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“Latter-day Saint Indian Art ~ This exhibit celebrates the long association of American Indians and The Church of Jesus Christ of Latter-day Saints. Drawn from a Church-sponsored collection begun in 1869, it features mostly art made by Latter-day Saint Indians. Also included are some works about Indians by other LDS artists and a few pieces by western American Indians who had early contacts with LDS pioneers. | From its beginnings in 1830, the LDS Church has maintained a fervent interest in the Indians of the Americas. One of its first organized missions was to Indians displaced by the federal government. This commitment reflected a desire to preach the gospel to these modern descendants of the ancient people described in the Book of Mormon. Latter-day Saint pioneers generally lived in harmony among tribes of the American West. Today, many Native Americans belong to the LDS Church. | This room is more than eighty years older than the rest of the building. The entrance, wood paneling, and fireplace in this room came from the lobby of the Bureau of Information that stood in the southeast corner of Temple Square from 1904 until 1976. The Bureau served as an information center and, with its 1919 addition, as a museum. The Museum of Church History and Art is a direct descendant of that institution. American Indian art was displayed in the lobby and the galleries of the Bureau of Information. This exhibit continues that tradition. | Indian members of the Church are encouraged to retain and develop the finest aspects of their traditional culture. Many of the Latter-day Saint Indian artists whose work is exhibited here rank among the leaders in contemporary American Indian art.”



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“Eagle Boy (Stanley Q. Johnson-1939 – __; Mapleton, Utah, 1981) ~ The Hopi tell the story of a chief’s son who was given an eagle to raise for a ritual sacrifice. The boy grew to love the eagle, and rather than see it killed, he set it free. As punishment, the boy was banished from his village. | In the wilderness, the eagle protected the boy and taught him to fish and hunt. Becoming lonely, the boy decided to return to his village. His people were frightened by his survival and knowledge. Assuming that he had survived by magic, the villagers had him bound. In an effort to drive him away, the youth of the village tied eagle feathers on his arms and back and taunted him. | Hearing the eagle’s call, the boy ascended a cliff and leaped. At the moment of leaving the ground he was transformed into an eagle and he flew to the sun.”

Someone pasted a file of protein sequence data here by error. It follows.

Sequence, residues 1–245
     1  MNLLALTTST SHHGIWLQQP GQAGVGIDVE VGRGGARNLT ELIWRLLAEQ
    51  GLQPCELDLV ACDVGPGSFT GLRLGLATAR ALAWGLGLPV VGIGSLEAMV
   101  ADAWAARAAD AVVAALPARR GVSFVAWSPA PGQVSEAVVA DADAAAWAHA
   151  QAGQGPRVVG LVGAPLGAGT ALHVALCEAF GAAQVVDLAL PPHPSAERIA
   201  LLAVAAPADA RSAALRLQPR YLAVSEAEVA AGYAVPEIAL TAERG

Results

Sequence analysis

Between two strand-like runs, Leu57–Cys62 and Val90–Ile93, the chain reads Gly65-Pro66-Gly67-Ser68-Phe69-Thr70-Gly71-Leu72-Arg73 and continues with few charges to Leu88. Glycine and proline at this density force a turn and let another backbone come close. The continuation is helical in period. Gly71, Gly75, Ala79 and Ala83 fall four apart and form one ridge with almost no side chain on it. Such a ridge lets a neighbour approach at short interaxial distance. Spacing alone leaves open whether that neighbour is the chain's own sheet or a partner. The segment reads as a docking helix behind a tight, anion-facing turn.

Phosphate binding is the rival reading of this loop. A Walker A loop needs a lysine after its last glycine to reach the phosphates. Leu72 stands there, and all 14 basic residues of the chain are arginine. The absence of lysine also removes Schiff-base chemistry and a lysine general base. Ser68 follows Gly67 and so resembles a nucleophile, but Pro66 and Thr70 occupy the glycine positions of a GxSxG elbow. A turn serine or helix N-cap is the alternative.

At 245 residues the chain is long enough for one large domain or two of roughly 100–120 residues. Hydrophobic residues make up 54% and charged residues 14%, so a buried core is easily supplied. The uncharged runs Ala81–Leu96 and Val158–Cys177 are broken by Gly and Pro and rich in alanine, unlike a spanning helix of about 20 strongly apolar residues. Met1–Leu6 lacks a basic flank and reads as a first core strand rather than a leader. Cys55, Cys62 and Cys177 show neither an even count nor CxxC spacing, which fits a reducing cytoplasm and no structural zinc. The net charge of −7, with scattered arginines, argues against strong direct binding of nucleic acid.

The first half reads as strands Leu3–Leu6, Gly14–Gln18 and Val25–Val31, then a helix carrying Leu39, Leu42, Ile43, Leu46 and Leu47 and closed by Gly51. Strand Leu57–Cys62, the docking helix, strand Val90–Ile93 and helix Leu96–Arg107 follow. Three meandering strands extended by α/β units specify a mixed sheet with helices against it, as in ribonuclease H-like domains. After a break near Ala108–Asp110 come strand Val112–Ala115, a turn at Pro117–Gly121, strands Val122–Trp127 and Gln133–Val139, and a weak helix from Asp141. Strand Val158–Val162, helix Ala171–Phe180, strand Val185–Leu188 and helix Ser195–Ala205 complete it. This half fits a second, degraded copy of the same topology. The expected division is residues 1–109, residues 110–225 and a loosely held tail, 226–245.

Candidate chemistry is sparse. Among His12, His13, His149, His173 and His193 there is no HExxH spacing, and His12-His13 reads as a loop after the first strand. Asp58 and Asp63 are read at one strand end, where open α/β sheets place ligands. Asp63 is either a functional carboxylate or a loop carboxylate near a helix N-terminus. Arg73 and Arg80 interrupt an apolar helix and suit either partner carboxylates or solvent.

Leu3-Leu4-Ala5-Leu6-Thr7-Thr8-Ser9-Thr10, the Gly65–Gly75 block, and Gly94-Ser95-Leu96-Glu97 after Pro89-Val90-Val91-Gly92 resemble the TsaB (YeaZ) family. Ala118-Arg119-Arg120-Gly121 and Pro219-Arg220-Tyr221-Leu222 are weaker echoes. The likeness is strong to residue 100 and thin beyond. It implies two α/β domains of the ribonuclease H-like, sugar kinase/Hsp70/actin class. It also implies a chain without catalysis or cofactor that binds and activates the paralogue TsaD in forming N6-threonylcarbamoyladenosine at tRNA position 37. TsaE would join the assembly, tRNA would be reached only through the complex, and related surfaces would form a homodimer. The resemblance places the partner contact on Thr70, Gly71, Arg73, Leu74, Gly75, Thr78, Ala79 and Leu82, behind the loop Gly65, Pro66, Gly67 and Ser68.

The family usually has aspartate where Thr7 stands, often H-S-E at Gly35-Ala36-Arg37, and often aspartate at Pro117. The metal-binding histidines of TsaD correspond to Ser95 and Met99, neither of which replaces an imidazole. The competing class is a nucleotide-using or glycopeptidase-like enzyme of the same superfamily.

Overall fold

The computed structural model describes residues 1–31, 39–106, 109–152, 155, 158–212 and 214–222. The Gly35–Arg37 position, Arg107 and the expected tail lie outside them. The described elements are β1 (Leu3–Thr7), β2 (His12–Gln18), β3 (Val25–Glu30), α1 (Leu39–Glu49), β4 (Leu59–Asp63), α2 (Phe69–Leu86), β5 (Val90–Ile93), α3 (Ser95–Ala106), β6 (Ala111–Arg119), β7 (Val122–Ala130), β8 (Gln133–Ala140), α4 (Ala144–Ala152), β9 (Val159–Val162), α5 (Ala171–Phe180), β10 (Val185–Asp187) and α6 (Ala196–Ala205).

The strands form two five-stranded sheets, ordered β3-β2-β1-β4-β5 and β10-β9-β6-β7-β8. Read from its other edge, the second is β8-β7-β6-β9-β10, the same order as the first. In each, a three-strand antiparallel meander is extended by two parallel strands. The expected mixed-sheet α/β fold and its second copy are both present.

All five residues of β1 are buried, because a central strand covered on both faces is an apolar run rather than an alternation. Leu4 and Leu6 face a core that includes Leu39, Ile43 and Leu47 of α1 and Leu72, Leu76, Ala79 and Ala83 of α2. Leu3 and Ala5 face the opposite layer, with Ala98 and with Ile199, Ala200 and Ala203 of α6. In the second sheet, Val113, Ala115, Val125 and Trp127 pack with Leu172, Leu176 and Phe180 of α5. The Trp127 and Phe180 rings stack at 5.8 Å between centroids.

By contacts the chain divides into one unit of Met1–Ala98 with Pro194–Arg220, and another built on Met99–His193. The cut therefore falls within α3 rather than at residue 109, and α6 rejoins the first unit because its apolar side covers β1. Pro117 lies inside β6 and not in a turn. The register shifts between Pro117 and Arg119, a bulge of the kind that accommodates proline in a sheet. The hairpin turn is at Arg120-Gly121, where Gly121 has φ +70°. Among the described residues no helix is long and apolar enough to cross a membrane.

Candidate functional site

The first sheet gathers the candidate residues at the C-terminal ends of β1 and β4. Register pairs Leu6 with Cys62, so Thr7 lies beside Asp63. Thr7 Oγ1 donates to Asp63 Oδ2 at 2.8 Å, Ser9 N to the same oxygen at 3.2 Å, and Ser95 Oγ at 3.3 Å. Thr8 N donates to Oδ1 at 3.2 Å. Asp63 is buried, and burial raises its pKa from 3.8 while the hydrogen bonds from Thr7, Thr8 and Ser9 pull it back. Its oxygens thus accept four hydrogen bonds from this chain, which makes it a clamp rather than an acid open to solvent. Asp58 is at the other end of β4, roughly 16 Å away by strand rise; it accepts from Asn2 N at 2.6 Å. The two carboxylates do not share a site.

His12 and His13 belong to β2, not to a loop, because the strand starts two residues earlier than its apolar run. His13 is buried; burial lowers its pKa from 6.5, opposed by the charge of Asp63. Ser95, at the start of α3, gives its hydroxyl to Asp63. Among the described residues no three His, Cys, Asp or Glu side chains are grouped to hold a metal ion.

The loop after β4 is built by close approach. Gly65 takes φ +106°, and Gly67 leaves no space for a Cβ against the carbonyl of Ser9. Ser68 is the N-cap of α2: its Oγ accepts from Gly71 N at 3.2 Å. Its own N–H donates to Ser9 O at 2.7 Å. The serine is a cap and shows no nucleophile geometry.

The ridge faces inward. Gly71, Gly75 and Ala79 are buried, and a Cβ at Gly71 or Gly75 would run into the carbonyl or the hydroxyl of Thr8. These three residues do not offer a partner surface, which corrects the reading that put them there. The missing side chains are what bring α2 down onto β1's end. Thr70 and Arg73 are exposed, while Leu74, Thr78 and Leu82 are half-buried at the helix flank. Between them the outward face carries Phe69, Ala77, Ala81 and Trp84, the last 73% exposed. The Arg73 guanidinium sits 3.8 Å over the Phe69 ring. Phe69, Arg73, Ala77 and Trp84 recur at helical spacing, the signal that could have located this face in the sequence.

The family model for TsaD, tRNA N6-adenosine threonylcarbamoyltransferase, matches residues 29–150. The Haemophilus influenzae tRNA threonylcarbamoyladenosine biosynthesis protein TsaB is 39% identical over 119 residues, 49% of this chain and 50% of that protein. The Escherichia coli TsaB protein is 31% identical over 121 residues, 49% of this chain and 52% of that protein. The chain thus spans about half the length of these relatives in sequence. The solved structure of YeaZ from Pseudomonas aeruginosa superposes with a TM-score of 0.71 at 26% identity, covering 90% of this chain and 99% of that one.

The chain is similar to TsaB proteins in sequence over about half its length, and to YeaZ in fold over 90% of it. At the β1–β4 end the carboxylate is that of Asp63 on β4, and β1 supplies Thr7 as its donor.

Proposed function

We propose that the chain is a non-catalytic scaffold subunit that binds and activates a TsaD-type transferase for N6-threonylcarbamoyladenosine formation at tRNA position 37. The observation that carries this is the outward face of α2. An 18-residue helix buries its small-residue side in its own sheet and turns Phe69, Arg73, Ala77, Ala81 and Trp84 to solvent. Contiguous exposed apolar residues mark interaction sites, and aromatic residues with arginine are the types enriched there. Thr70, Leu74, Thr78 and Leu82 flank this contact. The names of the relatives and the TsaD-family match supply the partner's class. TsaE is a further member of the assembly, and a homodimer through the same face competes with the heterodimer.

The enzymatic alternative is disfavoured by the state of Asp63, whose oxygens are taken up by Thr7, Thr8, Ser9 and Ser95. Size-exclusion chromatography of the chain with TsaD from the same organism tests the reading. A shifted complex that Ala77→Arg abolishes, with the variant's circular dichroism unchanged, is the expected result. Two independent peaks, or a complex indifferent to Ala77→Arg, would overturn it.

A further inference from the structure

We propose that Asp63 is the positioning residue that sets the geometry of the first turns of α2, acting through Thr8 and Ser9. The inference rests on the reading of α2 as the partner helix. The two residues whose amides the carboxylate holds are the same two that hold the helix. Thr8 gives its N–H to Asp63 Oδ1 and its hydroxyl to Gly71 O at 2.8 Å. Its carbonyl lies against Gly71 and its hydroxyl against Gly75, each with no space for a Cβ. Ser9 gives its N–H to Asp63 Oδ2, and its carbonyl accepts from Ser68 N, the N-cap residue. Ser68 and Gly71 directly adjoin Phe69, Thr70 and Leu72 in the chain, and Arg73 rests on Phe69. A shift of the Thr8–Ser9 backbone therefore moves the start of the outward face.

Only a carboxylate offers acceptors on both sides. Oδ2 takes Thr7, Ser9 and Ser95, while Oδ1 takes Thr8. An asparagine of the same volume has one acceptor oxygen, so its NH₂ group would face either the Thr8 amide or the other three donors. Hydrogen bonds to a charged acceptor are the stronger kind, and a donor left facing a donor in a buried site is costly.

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“Joseph Smith Jr. (Joseph Smith, First President 1830-1844) ~ ‘Surely I have contemplated the things of God’ – Joseph Smith restored the gospel of Jesus Christ by revelation. On 6 April 1830 he organized The Church of Jesus Christ of Latter-day Saints. Through inspiration he called Church leaders, defined doctrines, set forth principles for living in an ideal Christian society, and in other ways sought to improve the lives of his fellowmen.”



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“Joseph Smith Preaching to the Indians (oil on canvas, ca 1890 by William Armitage (1917-1890) ~ Several times in Nauvoo, Illinois, Joseph Smith met with local Indians. This painting probably depicts the August 12, 1841, visit of more than one hundred chiefs and braves of the Sac and Fox Indians and their families. During a meeting in the grove below the temple, the Prophet explained the Book of Mormon. He told them of the special religious commitment that Latter-day Saints have to Native Americans. | William Armitage, an English convert in 1853, immigrated to Utah in 1881. His highly stylized painting reflects formal academic training. He depicts Indians as idealized classical figures rather than real Native Americans. His ‘noble savages’ reflect an artistic and literary tradition popular for a century. Armitage had probably never visited Nauvoo. He includes Utah mountains as a backdrop as another idealized element to ‘ennoble’ the event. | Joseph Smith’s pose is borrowed from other paintings of him preaching. The left hand holds a copy of the Book of Mormon. The bearded man behind the Prophet is unidentified. | This painting was commissioned for the Salt Lake Temple. It hung there, along with Armitage’s painting of Jesus visiting the Nephites, for over fifty years. More recently, it was shown at the LDS Visitor’s Center in Independence, Missouri.”